Tim Farron’s record on homosexuality is liberal, not bigoted
Michael Gove and Liz Kendall show how intolerant we’ve become
You’re just about coming round to the Lib Dems because of Brexit. You’ll probably lend them your (reluctant) vote but you won’t tell any of your friends.
But what’s that? “He’s a homophobe!” a friend complains about Lib Dem leader Tim Farron. He thinks gay sex is a sin. Or, more precisely, he kept dodging questions about it. After a fortnight of hounding, he finally clarified he does not think it’s a sin. Phew. But why did he dodge the question for so long? You’re still concerned.
So were Labour’s Liz Kendall and Conservative Michael Gove. They want you to be angry. In an interview, Liz says: “I think it’s pretty offensive and will rightly anger a lot of people.”
“I agree with Liz,” pipes up Mikey. “I’m a church-goer too.”
Quite right, you think, seeing those oh-so-serious faces.
You’re still not sure about Farron’s views. You Google his voting record. That’s weird. Only one abstention on the readings of the equal marriage bill (there weren’t enough provisions for transgender people) and – ah yes, got him! – because it didn’t allow opt-outs for individual clergy. Clearly a massive homophobe. Except he voted for loads of other LGBT rights. And he’s put together a plan for how to further campaign on LGBT rights.
But hang on a sec. Maybe their frowns were a bit too sincere. You remember we’re in the heat of a General Election. Both parties could lose votes to the Lib Dems. Were they using LGBT people to win votes, you wonder? Don’t be silly, you tell yourself. Straight politicians would never pretend to be offended on behalf of LGBT people to win votes. Would they?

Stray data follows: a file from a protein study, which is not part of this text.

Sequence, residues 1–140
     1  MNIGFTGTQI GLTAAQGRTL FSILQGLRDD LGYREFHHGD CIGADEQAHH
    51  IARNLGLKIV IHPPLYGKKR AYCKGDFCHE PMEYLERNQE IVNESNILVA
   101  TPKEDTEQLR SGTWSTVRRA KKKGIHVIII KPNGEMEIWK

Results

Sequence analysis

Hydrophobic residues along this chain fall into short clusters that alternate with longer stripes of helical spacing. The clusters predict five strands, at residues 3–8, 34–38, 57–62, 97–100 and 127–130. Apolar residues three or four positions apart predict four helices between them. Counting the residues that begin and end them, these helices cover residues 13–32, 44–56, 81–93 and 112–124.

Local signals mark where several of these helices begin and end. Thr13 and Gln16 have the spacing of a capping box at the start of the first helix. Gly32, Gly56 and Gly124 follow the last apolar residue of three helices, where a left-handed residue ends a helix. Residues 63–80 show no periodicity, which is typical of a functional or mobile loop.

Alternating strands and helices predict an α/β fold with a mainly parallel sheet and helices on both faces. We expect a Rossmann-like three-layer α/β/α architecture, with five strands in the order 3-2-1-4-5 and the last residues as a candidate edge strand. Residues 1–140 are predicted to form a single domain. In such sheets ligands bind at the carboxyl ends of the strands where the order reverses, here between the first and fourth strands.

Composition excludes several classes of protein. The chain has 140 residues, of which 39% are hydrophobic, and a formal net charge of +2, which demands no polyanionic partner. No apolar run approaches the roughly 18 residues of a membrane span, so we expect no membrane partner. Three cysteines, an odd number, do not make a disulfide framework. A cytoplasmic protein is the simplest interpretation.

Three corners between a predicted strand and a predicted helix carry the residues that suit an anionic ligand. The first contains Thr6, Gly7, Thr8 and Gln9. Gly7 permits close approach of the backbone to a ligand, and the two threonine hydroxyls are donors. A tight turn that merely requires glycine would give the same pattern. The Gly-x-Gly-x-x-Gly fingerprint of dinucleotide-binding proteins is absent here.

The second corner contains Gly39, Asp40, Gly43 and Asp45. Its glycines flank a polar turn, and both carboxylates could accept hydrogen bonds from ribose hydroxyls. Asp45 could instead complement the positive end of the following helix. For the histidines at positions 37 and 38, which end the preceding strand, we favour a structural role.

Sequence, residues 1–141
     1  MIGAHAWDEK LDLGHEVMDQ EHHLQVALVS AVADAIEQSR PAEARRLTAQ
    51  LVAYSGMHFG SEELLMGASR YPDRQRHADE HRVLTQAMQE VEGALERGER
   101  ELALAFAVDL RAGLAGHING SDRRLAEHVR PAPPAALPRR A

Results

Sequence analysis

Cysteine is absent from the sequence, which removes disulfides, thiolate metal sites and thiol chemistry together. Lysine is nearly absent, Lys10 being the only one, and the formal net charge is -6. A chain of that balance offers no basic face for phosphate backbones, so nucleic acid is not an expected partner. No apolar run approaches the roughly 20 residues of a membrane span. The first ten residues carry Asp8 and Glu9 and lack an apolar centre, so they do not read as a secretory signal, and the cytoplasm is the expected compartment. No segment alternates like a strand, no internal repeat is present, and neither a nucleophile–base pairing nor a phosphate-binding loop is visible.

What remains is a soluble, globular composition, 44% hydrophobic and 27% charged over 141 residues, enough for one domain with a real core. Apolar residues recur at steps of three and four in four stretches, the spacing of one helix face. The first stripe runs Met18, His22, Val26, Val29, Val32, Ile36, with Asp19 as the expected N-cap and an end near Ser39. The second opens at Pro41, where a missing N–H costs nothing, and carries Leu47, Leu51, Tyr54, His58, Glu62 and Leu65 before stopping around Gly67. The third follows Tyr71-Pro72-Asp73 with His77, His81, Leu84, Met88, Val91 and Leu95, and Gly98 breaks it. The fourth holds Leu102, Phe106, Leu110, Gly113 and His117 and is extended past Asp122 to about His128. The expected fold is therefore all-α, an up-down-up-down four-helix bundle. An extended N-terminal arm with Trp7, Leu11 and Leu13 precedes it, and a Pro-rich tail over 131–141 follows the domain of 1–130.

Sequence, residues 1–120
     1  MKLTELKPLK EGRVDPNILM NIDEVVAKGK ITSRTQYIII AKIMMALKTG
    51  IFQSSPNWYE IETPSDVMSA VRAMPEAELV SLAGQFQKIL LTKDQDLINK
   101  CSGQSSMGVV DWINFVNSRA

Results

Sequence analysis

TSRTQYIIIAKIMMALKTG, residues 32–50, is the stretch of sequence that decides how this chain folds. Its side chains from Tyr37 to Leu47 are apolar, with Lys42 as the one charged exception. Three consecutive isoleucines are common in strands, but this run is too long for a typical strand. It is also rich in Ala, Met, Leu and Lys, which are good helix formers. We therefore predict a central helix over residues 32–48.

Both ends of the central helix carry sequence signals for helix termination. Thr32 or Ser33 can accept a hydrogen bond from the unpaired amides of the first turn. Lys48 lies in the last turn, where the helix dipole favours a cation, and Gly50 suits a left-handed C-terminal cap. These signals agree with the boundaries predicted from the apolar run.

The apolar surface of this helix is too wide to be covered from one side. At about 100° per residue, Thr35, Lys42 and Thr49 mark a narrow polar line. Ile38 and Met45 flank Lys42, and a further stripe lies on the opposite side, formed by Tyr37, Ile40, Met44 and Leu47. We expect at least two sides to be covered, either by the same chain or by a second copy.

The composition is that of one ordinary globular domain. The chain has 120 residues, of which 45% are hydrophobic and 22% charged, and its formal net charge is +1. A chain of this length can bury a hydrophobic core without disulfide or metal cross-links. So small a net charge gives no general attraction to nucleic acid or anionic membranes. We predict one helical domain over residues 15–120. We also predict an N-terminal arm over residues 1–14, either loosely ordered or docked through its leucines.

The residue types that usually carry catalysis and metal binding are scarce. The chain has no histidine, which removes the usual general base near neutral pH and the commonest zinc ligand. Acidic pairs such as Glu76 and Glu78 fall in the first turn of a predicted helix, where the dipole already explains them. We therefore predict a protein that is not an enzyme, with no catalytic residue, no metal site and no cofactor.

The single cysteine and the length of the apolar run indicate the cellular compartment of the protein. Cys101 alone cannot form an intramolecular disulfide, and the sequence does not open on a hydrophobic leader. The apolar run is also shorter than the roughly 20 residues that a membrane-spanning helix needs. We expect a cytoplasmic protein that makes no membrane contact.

A paradox: someone who (probably) thinks gay sex is a sin is, nonetheless, campaigning for LGBT rights.
Except it’s not a paradox, is it? It’s the premise of the whole gay liberation thing. Campaigning for others’ rights, despite you personally disagreeing with them, is the point of liberalism. Not endorsing something is not illiberal; banning it is. This argument is so cliché I can’t believe I’m actually putting it in black and white.
But Kendall and Gove show how illiberal we’ve become. They want you to join the Tory-and-Labour-vote-winning-machine, which essentially masquerades as a righteous mob. They want you to assume that because someone disagrees with something you do, they hate you and want to ban you. They’re a good ol’ BADDIE. Ironic, then, that Farron was the first party leader to call for action on LGBT persecution in Chechnya.
So as broadcaster after broadcaster insists on talking about the sex lives of a minority on prime time TV, you ask yourself whether you’re really comfortable with all this. Maybe you, like me, are part of that elaborately-acronymed LGBT minority. Maybe a friend is.
What you’ll see is a Christian being harried for his views on how some people reach a climax, and questioned on whether he eats shellfish or wears blended fabrics. You take a look at the world around you and wonder whether this is going to solve Brexit. Or the housing shortage. Or the productivity gap. Or the refugee crisis. Or anything. You wonder how many others might be put off reasonable politics when everyone assumes you’re a ‘baddie’ if you don’t approve of everything you do – not even if you support their rights.
Obviously you think some of Farron’s private views are a bit odd. So are most other people’s. But it occurs to you that maybe Farron is, in fact, the kind of person we need to be emulating: he actively campaigns for other people’s rights, even if he disagrees with them.
As it dawns on you that Kendall and Gove are actually demeaning liberalism by implying you can’t fight for the rights of someone you disagree with, you redirect the anger they are calling for right back at them.
Does disapproval of smoking mean you hate smokers? Do you want to ban them? No. So get out there, and argue the primary-school case for liberalism with your friends next time they shriek “HOMOPHOBE!” in Farron’s direction.